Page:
Instead, segment your content using the Help, hub, hero approach and you’ll soon see which channels make the most sense for your unique objectives:

  • Hero content – Inspiring, entertaining and engaging your audiences. Produced just a few times each year, the key objective is to make the greatest possible impact. Perhaps the greatest ever example is Red Bull’s Project Stratos.
  • Help content Answering questions your prospective students may have. For example, producing a series of ‘how to’ videos for new students on campus.
  • Hub content – Regular insightful and informative content aiming to attract recurring views, e.g. Q&A sessions, behind the scenes access.

Step 3: Channel hopping: Telling a multichannel story

Education marketers are experts at storytelling. But sometimes you need to adapt your stories for different channels. This enables a more rounded video distribution plan to be adopted.

Avoid the “spray and pray” approach to publishing content. Instead, plan differentiated stories around your video content for your owned, earned and bought media.

  • Owned Media (your website, YouTube channel, Facebook page, Twitter page, microsites and blogs). These are typically your first choice as a distribution channel. However, your audience reach is limited to the size of your established audience.
  • Earned Media (what people are saying about your university or college). Earned media coverage is achieved through traditional and online PR.
  • Bought Media (paid-for advertising, including pay per click for search and social). Paid-for promotion amplifies your reach.

When it comes to creating a video distribution plan, taking advantage of earned and bought media will enable you to maximise the potential of the media platforms your university or college already controls.

Step 4: Sharing is caring: Embracing social for video distribution

Sharing content on your social networks in a way that keeps it fresh is a vital – and often overlooked – part of any video distribution plan. You’ll then get repeat opportunities to gain traction for your video.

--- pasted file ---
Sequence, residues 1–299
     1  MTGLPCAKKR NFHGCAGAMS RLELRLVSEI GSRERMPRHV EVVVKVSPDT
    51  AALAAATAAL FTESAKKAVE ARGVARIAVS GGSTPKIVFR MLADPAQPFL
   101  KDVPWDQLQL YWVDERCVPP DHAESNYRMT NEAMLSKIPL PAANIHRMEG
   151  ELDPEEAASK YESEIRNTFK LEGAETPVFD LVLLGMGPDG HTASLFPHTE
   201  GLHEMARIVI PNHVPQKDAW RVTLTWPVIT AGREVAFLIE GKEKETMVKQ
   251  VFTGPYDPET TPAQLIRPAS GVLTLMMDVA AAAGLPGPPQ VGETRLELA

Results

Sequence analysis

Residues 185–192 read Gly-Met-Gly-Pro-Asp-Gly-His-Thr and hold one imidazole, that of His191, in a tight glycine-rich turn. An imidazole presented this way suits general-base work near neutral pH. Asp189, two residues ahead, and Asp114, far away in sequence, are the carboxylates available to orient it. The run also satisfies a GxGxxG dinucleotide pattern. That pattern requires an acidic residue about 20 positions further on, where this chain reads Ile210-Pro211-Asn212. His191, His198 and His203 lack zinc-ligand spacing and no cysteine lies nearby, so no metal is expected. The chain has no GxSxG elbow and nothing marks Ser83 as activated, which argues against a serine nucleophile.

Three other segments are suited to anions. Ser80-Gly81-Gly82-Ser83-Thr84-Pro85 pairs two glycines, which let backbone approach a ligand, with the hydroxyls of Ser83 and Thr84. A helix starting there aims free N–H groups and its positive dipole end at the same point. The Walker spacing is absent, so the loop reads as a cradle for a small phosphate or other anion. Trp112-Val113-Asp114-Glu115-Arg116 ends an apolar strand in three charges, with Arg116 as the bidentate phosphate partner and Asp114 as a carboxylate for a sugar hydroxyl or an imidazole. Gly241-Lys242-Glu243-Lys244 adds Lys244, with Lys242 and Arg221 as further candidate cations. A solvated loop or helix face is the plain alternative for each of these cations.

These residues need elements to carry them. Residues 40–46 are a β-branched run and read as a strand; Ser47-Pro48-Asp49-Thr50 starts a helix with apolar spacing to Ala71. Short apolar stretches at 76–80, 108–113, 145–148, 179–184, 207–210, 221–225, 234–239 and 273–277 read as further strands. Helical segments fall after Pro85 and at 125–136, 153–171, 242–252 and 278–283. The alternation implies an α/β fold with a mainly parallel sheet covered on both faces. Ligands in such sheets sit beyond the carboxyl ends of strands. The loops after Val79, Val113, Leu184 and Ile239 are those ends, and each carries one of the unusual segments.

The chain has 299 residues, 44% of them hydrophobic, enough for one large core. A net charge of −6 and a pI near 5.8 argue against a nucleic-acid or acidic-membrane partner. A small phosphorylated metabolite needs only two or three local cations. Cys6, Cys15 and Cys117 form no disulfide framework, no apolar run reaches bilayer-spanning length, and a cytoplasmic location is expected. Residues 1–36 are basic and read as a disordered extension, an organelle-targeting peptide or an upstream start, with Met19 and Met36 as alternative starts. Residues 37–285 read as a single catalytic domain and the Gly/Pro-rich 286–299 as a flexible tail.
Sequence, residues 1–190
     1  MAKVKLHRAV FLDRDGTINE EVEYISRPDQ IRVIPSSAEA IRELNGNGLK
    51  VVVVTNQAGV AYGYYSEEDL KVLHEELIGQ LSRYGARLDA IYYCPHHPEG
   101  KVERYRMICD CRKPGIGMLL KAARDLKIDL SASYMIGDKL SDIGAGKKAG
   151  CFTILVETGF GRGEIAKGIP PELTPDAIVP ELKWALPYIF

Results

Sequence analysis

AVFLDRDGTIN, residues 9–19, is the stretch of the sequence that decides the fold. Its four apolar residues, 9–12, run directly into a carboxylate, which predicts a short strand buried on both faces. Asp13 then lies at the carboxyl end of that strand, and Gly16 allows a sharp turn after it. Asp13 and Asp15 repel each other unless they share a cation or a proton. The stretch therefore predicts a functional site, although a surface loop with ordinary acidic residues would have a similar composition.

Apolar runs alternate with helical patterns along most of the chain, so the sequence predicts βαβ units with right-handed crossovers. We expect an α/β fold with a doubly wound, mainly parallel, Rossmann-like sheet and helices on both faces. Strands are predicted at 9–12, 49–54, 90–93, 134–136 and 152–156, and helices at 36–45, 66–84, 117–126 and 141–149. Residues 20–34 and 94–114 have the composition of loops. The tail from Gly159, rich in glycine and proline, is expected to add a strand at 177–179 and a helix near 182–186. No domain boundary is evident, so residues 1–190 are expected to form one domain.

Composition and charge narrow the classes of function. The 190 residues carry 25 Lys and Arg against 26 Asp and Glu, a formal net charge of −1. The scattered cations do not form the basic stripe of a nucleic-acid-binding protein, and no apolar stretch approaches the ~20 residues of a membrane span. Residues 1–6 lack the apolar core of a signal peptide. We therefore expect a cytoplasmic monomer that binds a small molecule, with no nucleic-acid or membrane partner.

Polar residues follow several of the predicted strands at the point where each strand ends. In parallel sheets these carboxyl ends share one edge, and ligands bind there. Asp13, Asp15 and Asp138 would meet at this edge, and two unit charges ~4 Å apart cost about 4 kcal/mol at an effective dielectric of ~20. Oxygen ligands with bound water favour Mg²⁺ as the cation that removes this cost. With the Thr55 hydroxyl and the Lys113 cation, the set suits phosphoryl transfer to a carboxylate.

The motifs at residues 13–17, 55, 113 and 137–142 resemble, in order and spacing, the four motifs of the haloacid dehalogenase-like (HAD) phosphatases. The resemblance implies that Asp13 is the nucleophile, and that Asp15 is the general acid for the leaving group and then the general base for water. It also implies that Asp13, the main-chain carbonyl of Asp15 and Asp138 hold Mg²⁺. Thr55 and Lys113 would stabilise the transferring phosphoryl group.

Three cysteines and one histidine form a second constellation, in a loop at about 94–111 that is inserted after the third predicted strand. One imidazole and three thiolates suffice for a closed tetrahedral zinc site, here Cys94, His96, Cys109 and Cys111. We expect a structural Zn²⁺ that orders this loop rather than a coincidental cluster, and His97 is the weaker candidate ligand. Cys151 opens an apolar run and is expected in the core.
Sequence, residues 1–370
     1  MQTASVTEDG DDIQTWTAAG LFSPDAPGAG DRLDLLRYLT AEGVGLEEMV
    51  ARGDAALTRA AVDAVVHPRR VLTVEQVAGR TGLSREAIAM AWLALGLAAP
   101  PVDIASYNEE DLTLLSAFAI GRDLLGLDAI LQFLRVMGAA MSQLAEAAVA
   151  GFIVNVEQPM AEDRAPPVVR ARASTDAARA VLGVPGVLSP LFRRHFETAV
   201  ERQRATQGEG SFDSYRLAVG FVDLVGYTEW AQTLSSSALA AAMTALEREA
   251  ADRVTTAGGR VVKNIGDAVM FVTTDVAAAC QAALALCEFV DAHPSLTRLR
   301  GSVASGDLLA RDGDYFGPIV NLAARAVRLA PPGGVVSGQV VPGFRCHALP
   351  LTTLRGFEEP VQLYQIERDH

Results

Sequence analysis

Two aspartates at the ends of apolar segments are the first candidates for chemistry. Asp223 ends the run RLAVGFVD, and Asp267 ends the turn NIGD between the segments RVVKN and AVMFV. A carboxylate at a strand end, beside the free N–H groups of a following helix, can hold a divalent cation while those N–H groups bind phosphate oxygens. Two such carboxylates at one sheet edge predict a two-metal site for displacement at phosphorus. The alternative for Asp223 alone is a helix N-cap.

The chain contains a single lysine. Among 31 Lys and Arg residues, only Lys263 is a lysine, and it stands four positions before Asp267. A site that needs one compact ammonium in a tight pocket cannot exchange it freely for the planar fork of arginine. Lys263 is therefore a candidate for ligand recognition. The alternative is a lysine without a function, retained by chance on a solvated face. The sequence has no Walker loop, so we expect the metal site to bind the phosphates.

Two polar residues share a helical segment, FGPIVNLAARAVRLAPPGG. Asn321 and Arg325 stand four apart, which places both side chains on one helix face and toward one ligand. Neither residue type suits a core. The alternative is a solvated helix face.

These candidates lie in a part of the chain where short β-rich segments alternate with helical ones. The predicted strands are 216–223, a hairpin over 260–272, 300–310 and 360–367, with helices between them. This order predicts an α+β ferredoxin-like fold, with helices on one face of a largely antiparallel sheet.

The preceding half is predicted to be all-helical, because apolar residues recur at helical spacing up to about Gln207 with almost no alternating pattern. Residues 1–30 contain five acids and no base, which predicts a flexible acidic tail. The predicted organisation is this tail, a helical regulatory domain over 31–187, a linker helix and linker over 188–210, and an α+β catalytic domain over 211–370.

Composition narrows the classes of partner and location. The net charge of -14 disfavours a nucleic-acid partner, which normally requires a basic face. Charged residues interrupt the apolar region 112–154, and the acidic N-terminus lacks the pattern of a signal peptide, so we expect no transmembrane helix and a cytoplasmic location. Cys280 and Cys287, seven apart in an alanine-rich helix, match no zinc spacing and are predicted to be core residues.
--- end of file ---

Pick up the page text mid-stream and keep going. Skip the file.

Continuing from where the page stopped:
After initially posting your video, try to create different contexts for posting them again in the future to keep your audience interested (without wearing them down!). Some of our favourite examples are:

  • Embedding the video into a blog or news story.
  • Sharing the video in a different context (e.g. alongside a link to a Google Tour of your campus).
  • Introducing a competition (tell us the time in the video you see…).
  • Presenting the video alongside a collage of stills or statement imagery.

Step 5: Measuring the success of your video content

Lastly, the final but crucial step in creating your video distribution plan is deciding how you will measure its impact and success.

Effective measurement requires proper planning. Defining the KPIs for your video content marketing (and the data you want to measure) from the outset is a useful start.

Some key forms of measurement for universities and colleges include:

  • Return on investment – Measure what you get out compared to what you put in. For example, the number of enrolments or attendees at an event. Or, for brand-building content, the number of email addresses gained, social media engagement, or just increased audience awareness.
  • Scale – How many people is your university or college video content potentially going to reach?  Are you looking for national coverage or something targeted at a local audience?
  • Brand message – How does your video distribution plan fit alongside your overall marketing and engagement strategy? Does it correspond to your university or college’s overall message and values?
  • Integration – Can your video distribution plan complement other marketing your university or college is undertaking? If so, how can you integrate it?
  • Unique Selling Point – How unique is your university or college, and its core offer? How can your video distribution plan take advantage of the genuine distinctions between you and your competitors? How can you get people talking about you?

Get help creating or implementing a distribution plan for your college or university’s video marketing

We can create and implement a distribution plan for you. We look after every detail, from optimising your video thumbnails right through to delivering visual, easy-to-understand reports. Please get in touch. You can email me via or call us on 02074941589.